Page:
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 Short Communication

 Long non-coding RNAs in acute lymphoblastic leukemia

 Araceli Diez-Fraile1, Eva Terras2, Yves Benoit2, Tim Lammens*2

1Belgian Cancer Registry, Belgium
 2Department of Pediatric Hematology-Oncology and Stem Cell Transplantation, Belgium

*Corresponding author: Dr.Tim Lammens, Department of Pediatric Hematology-Oncology and Stem Cell Transplantation,3K12D, De Pintelaan 185,9000 Ghent,Belgium, Tel:+3293322480; Email:tim.lammens@ugent.be.

Submitted: 02-17-2015 Accepted: 02-25-2015  Published: 03-13-2015

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Recently, it has become apparent that in addition to gene transcription, much of the genome is transcribed into non-coding RNAs (ncRNAs). These ncRNAs have been organized into classes based on length and/or function [1,2]. The most recently established class includes ncRNAs that are more than 200 nucleotides in length (lncRNAs), and deep-sequencing studies have revealed that the human genome encodes similar numbers of lncRNAs and coding RNAs. Furthermore, some of these lncRNAs have proven vital for a variety of biological processes, including the epigenetic control of chromatin, promoter-specific gene regulation, X-chromosome inactivation, imprinting, nuclear import, and the structural maintenance of nuclear bodies [3-8].

Several lncRNAs have also been functionally implicated in non-hematological cancers. For example, overexpression of UCA1 has been detected in bladder cancer, expression of MALAT1 has been associated with metastasis in lung cancer, and overexpression of HOTAIR is linked to poor prognosis in colon and pancreatic cancers [9-11]. Fewer advances have been made in elucidating the function and dysregulation of lncRNA(s) in acute lymphoblastic leukemia (ALL) [12,13]. However, advances in high-throughput sequencing and transcriptome profiling have identified lncRNAs that are expressed in ALL samples [14-22].

In 2013, Zhang and colleagues performed a deep sequencing of the transcriptome of human Jurkat cells, a T-cell ALL (T-ALL) cell line [14]. Of the more than 200 novel lncRNAs discovered, T-ALL-R-lncR1 was found to be markedly overexpressed in T-ALL samples, and only barely detectable in most healthy tissues [14]. They further demonstrated that expression of this lncRNA blocks the formation of the Par- 4/THAP1 protein complex, which eventually resulted in the negative regulation of TNF-α-induced apoptosis [14,15]. Thus, T-ALL-R-LncR1 appears to be a valid therapeutic target for ALL.

MLL-rearranged (MLL-r) ALL is one of the most aggressive subtypes of ALL, and its incidence is as high as 80% in infants with ALL [16-18]. Recently, Fang and colleagues performed lncRNA expression studies for a series of MLL-r cases, and also for non-MLL-r ALL cases and healthy subjects [19]. In addition to finding MLL-r-specific lncRNAs, the authors also demonstrated that each MLL-r form can be distinguished by a unique expression profile. To examine the possible functions of these lncRNAs, a lncRNA/mRNA co-expression analysis (also termed a guilt-by-association analysis) was performed and the following functions and protein classes were identified: apoptosis, chromatin assembly, transcription, cell secretion, zinc finger proteins, and cytoplasmic vesicle or plasma membrane components. Co-expression of lncRNAs with mRNAs coding for plasma membrane components allowed for the development of flow cytometry panels for diagnosis and follow-up. Another intriguing finding of their study was the association between lncRNAs and expression of the corresponding MLL target genes. In particular, a set of lncRNAs were found to be epigenetically regulated by H3K79 methylation, which is a well-established hallmark of activated oncogene expression in MLL-r [16].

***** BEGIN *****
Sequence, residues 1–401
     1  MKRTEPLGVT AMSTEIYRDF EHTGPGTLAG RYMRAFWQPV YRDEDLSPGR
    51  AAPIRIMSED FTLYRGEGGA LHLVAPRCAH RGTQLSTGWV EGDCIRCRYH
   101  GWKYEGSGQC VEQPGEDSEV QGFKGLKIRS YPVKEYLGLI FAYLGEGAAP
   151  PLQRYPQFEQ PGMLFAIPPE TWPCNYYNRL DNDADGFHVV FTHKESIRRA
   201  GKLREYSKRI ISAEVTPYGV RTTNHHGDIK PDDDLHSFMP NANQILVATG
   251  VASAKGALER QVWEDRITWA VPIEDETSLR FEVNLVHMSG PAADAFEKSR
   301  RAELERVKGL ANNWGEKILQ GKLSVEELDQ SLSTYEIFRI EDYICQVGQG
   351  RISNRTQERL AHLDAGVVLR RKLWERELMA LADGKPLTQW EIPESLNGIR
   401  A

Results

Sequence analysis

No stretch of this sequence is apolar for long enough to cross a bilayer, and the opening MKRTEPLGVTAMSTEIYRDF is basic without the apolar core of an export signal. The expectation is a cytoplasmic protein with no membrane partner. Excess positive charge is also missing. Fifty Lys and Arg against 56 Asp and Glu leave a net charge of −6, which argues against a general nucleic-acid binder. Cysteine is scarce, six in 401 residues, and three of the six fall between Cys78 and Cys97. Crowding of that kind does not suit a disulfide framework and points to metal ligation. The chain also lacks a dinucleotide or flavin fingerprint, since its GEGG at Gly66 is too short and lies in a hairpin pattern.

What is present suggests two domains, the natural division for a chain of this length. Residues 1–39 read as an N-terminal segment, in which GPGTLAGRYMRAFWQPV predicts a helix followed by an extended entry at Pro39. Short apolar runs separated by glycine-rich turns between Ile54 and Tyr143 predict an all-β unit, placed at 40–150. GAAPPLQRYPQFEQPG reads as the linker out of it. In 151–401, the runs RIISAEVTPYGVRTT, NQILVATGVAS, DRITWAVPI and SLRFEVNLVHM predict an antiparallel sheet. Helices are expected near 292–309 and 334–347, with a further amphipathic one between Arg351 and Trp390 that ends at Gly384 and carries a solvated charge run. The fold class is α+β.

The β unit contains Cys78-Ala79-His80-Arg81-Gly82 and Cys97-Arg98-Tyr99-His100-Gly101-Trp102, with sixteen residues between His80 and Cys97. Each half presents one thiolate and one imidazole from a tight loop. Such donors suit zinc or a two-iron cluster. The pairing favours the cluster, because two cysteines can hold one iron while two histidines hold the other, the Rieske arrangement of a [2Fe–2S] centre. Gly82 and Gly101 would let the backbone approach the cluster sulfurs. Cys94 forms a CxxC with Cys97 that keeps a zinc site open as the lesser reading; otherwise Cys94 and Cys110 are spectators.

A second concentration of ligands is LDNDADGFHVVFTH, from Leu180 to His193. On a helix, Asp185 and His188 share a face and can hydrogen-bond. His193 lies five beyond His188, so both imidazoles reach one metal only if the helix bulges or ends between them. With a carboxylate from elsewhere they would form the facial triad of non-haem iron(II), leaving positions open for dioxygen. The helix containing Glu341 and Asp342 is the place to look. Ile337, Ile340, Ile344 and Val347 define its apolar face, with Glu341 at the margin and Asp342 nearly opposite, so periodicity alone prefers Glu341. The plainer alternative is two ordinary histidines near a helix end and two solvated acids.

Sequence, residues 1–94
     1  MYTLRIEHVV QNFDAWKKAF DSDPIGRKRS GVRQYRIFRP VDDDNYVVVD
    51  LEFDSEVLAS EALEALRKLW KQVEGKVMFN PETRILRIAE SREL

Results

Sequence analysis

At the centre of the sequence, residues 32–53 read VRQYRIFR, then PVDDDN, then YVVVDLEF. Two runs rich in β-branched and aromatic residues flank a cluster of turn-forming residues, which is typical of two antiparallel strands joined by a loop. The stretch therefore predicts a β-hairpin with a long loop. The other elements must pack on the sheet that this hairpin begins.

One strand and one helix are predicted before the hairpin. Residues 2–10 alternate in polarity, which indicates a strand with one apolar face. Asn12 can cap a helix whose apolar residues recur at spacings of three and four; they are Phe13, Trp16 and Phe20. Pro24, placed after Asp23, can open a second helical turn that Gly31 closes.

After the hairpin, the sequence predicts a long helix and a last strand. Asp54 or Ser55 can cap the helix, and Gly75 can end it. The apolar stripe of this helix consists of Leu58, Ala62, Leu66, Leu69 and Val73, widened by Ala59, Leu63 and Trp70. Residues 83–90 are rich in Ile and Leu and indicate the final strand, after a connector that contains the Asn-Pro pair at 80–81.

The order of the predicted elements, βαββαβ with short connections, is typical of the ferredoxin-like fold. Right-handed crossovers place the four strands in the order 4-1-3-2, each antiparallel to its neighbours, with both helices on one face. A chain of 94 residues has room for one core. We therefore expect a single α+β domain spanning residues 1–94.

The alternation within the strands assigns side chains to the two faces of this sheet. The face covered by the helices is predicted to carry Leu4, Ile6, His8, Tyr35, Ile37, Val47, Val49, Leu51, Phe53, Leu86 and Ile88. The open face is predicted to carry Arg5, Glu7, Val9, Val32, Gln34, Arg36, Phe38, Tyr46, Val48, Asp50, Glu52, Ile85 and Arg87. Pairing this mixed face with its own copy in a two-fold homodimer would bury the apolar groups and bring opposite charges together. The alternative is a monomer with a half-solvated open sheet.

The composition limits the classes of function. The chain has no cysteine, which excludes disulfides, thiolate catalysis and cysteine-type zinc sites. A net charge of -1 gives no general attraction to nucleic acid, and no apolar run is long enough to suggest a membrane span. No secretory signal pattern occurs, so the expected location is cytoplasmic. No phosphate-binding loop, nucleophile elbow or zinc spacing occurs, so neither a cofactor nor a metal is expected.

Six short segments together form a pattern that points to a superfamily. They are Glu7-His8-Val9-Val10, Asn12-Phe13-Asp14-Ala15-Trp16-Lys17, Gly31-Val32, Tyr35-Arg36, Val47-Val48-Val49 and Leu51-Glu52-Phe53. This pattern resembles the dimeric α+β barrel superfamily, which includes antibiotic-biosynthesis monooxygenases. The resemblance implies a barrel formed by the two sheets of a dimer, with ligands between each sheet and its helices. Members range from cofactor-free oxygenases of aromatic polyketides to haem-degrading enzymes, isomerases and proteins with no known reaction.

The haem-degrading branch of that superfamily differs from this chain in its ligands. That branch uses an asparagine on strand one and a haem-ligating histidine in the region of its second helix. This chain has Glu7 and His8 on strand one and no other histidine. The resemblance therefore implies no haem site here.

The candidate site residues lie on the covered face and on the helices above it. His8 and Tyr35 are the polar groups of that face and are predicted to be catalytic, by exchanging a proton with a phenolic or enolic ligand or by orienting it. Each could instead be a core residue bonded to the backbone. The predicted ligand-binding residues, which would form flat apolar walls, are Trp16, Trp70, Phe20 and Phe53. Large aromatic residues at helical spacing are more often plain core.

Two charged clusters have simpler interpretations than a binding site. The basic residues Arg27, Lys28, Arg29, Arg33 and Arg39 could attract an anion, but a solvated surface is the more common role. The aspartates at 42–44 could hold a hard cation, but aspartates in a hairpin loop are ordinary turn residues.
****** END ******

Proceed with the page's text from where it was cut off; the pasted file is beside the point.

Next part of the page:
Recently, two research teams have undertaken an effort to fully characterize the Notch-driven lncRNA-ome of pediatric T-ALL patients using ultra-deep RNA sequencing of primary T-ALL samples, normal T-cell counterparts, T-ALL cell lines, and Notch-inhibitor treated lines [20,21]. The latter included the use of gamma secretase inhibitors (GSIs) that block the cleavage of Notch, which is necessary for release of the intracellular domain. Both publications clearly illustrate that Notch positively regulates a limited set of lncRNAs in both T-ALL and normal T-cell development, although not all of them are directly bound by the intracellular domain of Notch (ICN1), which upon activation of Notch acts as a transcriptional activator. Trimarchi and colleagues further determined which lncRNAs significantly enhance the expression of nearby genes through cis-regulation in an attempt to functionally annotate some of these lncRNAs [21]. To their surprise, only one lncRNA, which they termed, leukemia-induced noncoding activator RNA (LUNAR1), showed a strong correlation with its neighboring coding gene, insulin-like growth factor receptor 1 (IGF1R), which has been suggested to play a role in T-ALL [22].

In conclusion, research on the role of lncRNAs in ALL is in its early stages, and a fundamental understanding of the involvement and function of lncRNAs in ALL, and in hematological malignancies in general, remains to be elucidated. It is anticipated that these insights will also be applicable to the general field of cancer biology, and will provide opportunities for the identification of novel diagnostic/prognostic markers and drug targets.


This work was supported by the Kinderkankerfonds (a nonprofit childhood cancer foundation under Belgian law).




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Cite this article: Lammens T. Long non-coding RNAs in acute lymphoblastic leukemia. J J Hemato. 2015, 1(1): 007.

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